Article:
If you just take a little time to think about this, you would see that in your little corner of Nigeria, you can make a difference. You can! We can! Yes we can. Wherever you find yourself do your best. Do it well.
One of my favorite quotes is this “whatever thou art, do well thy part.”

We all have a part to play. We all have a part we can lift. Do this, don’t mind discouragement and those who’d want to bring us down as a country. Do this and I know that as surely as those young men were able to that grand piano, as surely as the sun would rise each day, we would move forward, we would attain our greatest height and we would be well pleased with ourselves.

Thank you for reading.

God bless you and may HE always bless the federal republic of Nigeria.


In an airplane or sea ship, there are times when the plane or ship is encumbered by its luggage. At such situations, the captain resorts to jettison some items. That is, to throw away encumbering items, luggages and the rest. In a very rare and unique situation a human being was thrown away. I’ll let you guess who.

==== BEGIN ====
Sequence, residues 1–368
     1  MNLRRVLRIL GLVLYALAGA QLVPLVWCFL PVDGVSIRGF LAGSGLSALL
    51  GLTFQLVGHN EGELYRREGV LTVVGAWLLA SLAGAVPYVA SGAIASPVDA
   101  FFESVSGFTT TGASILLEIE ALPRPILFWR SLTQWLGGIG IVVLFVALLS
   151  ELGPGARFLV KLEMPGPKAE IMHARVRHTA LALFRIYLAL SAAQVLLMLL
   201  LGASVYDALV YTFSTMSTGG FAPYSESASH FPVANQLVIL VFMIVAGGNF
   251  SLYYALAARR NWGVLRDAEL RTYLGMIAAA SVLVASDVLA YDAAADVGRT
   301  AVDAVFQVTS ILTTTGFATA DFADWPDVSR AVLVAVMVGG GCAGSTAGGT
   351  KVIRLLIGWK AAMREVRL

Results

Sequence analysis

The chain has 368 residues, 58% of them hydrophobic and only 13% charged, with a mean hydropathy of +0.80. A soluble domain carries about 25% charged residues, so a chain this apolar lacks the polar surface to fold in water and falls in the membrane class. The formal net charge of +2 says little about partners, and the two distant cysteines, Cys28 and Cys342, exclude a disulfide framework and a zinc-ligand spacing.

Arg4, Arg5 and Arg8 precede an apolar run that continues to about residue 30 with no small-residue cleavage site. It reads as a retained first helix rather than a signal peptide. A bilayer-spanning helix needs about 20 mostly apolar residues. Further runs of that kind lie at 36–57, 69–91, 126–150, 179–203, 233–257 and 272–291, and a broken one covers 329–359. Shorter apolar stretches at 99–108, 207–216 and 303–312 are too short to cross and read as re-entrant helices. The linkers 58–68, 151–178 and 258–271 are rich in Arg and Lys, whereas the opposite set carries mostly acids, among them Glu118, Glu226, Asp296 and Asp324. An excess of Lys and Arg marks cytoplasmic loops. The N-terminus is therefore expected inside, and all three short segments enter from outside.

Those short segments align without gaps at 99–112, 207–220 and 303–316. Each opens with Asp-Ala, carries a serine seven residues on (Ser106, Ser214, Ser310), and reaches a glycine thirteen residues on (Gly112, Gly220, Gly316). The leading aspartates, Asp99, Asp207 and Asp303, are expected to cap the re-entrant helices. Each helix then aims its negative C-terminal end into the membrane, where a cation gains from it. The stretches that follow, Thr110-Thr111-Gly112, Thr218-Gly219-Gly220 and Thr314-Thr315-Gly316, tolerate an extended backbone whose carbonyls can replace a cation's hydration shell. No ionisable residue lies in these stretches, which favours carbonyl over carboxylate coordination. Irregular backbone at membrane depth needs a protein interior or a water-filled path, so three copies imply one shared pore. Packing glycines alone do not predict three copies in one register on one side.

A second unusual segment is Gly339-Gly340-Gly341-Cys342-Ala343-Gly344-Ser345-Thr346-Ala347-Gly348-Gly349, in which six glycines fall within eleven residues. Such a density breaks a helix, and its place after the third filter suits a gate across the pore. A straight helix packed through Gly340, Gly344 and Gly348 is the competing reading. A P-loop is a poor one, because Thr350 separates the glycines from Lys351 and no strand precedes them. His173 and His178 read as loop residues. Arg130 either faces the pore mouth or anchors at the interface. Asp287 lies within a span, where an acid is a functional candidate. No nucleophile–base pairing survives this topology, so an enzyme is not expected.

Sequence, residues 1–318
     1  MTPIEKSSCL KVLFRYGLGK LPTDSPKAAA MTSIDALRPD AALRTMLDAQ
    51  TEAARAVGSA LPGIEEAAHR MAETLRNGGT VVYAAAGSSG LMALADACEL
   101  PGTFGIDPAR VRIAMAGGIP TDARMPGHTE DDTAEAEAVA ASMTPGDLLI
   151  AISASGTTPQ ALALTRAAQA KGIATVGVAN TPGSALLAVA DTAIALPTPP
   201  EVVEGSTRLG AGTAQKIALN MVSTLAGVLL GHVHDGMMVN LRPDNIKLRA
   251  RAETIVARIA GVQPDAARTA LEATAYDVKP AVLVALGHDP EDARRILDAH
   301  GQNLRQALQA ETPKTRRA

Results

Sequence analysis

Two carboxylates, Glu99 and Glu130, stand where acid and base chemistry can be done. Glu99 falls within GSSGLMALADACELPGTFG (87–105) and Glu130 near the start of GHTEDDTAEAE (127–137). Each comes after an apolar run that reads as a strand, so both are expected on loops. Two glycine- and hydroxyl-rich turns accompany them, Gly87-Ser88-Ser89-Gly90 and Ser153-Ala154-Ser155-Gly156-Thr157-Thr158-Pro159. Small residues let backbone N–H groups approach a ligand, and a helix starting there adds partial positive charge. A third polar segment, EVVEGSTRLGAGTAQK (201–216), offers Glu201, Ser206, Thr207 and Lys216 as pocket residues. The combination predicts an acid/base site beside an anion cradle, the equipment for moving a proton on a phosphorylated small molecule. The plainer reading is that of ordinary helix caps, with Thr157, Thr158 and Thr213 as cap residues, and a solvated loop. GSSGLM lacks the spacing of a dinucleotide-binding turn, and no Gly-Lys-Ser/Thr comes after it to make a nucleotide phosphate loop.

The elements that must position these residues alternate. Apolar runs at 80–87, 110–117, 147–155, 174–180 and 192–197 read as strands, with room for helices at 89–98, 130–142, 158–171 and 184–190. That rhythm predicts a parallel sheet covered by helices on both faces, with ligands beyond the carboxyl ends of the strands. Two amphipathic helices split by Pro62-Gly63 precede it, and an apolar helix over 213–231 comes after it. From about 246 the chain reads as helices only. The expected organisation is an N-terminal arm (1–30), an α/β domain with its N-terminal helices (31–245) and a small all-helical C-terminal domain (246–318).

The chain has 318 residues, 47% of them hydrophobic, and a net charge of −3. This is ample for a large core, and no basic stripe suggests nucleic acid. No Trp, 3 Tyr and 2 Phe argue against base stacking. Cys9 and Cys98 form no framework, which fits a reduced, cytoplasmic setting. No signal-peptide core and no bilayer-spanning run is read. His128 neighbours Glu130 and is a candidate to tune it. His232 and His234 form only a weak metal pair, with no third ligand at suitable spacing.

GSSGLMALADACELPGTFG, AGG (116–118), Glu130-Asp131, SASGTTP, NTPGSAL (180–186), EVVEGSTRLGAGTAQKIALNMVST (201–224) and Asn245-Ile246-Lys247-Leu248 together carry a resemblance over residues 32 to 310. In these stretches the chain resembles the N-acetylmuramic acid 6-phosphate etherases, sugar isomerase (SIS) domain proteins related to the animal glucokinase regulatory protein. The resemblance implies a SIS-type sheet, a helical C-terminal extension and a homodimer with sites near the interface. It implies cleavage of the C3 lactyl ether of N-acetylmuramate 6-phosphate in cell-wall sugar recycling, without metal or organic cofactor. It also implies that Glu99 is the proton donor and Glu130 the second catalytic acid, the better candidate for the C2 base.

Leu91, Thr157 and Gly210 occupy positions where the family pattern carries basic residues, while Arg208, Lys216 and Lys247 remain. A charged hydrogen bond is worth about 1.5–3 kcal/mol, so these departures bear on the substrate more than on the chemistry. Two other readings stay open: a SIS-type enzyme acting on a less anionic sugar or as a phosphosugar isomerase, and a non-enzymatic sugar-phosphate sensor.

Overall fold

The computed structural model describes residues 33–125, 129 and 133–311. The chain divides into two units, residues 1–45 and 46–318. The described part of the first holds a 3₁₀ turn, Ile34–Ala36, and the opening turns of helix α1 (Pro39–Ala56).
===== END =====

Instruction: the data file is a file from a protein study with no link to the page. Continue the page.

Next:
In the ship of Nigeria we also need to jettison some items in order to make progress as a country. Most importantly, we citizens have to get rid of tribal sentiment ! 
It pisses me off to hear when people say, “oh my parents said whatever happens I shouldn’t bring home an Igbo man.” This is in the group of the dumbest statements I’ve ever heard in my life. Now , I’m not pissed because I’m Igbo, no, I’m pissed because of the sentiments. I’m equally annoyed when I hear Igbo people say, no I can’t marry a Yoruba man. Tribe should be the least factor in deciding who you’ll spend your eternities with. 

Igbo people would do anything for money, Yoruba love party too much, Hausa people are dirty, Edo people are witches, delta people are militants etc etc. these are some tribal sentiments that have been passed down by generations before us. I think it’s silly to judge an entire tribe by the actions of a particular person. Imagine if there were a black sheep in your family, and now because of that I write your whole family off as bad and lacking in home training. That would be foolish of me.